#10

[quote=Gilbert Keith]*"Stephen Hawking has worked on the basic laws which govern the universe. With Roger Penrose he showed that Einstein’s General Theory of Relativity implied space and time would have a beginning in the Big Bang and an end in black holes.*Lest there be misunderstanding here, it was a Jesuit priest/mathematician, George LeMaitre of Belgium, who *first *postulated evidence for an expanding universe (what later became know as the Big Bang).
[/quote]

Thanks Gilbert for your input. :slight_smile: Lemaitre’s Primeval Atom Hypothesis (1927) helped in the Big Bang Theory? Does a hypothesis have postulated evidence or only a theory?

pathlights.com/ce_encyclopedia/02-star9.htm#Lemaitre

Lemaitre was ‘president of the Pontifical Academy of Sciences at Rome. Lemaitre’s theoretical ideas concerning the origin of the Universe were published in 1927, when he was 31, but the paper was largely unnoticed until the astrophysicist Arthur Eddington (1882-1944) called attention to it much later’. Are theoretical ideas used in a hypothesis and theory?

howcomyoucom.com/Universe/evolutionofgalax.htm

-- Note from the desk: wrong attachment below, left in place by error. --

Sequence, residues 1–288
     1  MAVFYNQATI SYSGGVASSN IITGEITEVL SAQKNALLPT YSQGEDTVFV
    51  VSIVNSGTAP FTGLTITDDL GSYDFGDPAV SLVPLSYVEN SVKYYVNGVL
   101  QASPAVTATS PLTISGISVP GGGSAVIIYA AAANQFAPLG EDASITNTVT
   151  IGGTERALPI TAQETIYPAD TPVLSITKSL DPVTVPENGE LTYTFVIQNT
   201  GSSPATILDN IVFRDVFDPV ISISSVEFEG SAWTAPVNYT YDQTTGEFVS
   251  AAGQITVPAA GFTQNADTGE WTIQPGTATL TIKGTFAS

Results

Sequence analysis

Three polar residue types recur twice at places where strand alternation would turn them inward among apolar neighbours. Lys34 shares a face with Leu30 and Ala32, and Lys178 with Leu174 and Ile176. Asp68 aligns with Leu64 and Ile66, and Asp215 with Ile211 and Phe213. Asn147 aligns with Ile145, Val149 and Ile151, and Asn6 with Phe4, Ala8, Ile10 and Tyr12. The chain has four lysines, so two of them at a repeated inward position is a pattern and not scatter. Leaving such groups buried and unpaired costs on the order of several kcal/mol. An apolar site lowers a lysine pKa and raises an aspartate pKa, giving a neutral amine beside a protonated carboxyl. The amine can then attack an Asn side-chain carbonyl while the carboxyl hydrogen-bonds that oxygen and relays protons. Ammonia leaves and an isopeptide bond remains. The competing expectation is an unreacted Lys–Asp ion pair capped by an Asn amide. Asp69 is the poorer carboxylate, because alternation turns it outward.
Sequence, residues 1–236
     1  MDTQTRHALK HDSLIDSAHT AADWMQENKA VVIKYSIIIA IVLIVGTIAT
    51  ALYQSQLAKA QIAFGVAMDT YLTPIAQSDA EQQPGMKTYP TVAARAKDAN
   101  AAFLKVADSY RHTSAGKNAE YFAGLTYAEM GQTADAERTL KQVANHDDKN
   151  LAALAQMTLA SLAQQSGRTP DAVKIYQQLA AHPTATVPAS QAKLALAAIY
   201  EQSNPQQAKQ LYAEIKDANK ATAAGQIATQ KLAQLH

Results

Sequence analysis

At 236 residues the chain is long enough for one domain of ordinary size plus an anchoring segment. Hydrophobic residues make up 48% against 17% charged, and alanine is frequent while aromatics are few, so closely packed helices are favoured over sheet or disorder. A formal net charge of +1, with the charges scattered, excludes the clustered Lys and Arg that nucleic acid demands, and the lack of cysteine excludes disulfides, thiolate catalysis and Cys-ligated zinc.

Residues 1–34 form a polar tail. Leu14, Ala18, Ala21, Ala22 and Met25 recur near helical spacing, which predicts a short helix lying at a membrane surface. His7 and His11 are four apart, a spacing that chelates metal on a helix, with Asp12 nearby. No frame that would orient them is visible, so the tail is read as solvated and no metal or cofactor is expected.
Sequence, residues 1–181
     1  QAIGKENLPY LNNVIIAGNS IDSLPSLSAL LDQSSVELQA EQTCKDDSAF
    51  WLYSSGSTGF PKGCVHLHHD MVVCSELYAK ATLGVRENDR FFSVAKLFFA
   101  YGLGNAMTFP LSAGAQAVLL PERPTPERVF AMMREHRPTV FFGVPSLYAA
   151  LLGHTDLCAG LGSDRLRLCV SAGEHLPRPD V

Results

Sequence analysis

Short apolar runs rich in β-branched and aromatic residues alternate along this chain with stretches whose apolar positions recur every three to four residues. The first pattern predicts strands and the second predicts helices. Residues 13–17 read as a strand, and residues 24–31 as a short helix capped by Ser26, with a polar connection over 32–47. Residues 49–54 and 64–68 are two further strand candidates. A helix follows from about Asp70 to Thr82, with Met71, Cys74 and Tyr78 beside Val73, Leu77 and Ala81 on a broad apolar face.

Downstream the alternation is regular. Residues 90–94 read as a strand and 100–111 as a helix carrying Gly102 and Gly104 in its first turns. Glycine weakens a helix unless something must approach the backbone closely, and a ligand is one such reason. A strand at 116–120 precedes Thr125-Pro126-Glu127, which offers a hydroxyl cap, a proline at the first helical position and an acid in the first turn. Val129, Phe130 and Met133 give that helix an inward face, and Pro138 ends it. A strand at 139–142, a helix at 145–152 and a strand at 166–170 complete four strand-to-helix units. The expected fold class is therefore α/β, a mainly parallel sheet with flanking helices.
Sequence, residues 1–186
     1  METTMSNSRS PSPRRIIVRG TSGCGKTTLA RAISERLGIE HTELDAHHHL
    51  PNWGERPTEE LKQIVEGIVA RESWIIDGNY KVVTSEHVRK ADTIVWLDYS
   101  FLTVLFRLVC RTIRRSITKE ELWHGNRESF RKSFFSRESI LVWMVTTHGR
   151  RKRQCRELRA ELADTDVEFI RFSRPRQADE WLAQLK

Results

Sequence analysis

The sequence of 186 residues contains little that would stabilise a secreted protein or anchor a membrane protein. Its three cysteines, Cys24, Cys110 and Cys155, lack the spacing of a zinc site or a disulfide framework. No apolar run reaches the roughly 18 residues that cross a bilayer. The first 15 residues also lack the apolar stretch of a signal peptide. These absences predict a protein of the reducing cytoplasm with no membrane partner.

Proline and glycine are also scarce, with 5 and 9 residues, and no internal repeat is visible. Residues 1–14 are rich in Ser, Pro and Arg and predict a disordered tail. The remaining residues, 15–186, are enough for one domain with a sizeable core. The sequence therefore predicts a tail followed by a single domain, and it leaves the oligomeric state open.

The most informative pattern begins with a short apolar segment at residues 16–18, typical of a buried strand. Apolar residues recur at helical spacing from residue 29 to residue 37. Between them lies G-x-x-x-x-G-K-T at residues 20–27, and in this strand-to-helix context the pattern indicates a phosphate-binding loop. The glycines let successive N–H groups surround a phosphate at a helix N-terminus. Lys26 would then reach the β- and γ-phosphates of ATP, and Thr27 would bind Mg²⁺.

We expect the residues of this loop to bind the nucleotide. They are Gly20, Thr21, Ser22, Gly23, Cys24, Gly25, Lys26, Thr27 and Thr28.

Here is more information about Stephen Hawking.

bbc.co.uk/cambridgeshire/science/2003/10/stephen_hawking.shtml

Thanks


#11

[quote=Gilbert Keith]*"Stephen Hawking has worked on the basic laws which govern the universe. With Roger Penrose he showed that Einstein’s General Theory of Relativity implied space and time would have a beginning in the Big Bang and an end in black holes.*Lest there be misunderstanding here, it was a Jesuit priest/mathematician, George LeMaitre of Belgium, who *first *postulated evidence for an expanding universe (what later became know as the Big Bang).
[/quote]

Note that the Big Bang was not the only theory for an expanding universe. I think it was Hoyle who proposed an eternal, infinite universe which was expanding. He postulated a continuing generation of matter which kept the density of matter constant in that universe.

In the fifties it was the universe according to Hoyle [continuous generation] vs. the universe according to Boyle [Big Bang] as I recall.


#12